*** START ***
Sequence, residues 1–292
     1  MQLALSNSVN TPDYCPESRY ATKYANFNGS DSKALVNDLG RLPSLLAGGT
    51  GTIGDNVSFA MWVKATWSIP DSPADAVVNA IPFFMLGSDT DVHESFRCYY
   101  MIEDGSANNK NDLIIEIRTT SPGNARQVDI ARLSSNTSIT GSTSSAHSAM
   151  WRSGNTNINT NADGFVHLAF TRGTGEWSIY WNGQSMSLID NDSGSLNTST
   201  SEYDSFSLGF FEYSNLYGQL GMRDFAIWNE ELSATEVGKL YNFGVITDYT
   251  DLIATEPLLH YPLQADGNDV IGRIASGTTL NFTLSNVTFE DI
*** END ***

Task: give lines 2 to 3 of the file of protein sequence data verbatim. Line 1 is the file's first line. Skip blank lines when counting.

     1  MQLALSNSVN TPDYCPESRY ATKYANFNGS DSKALVNDLG RLPSLLAGGT
    51  GTIGDNVSFA MWVKATWSIP DSPADAVVNA IPFFMLGSDT DVHESFRCYY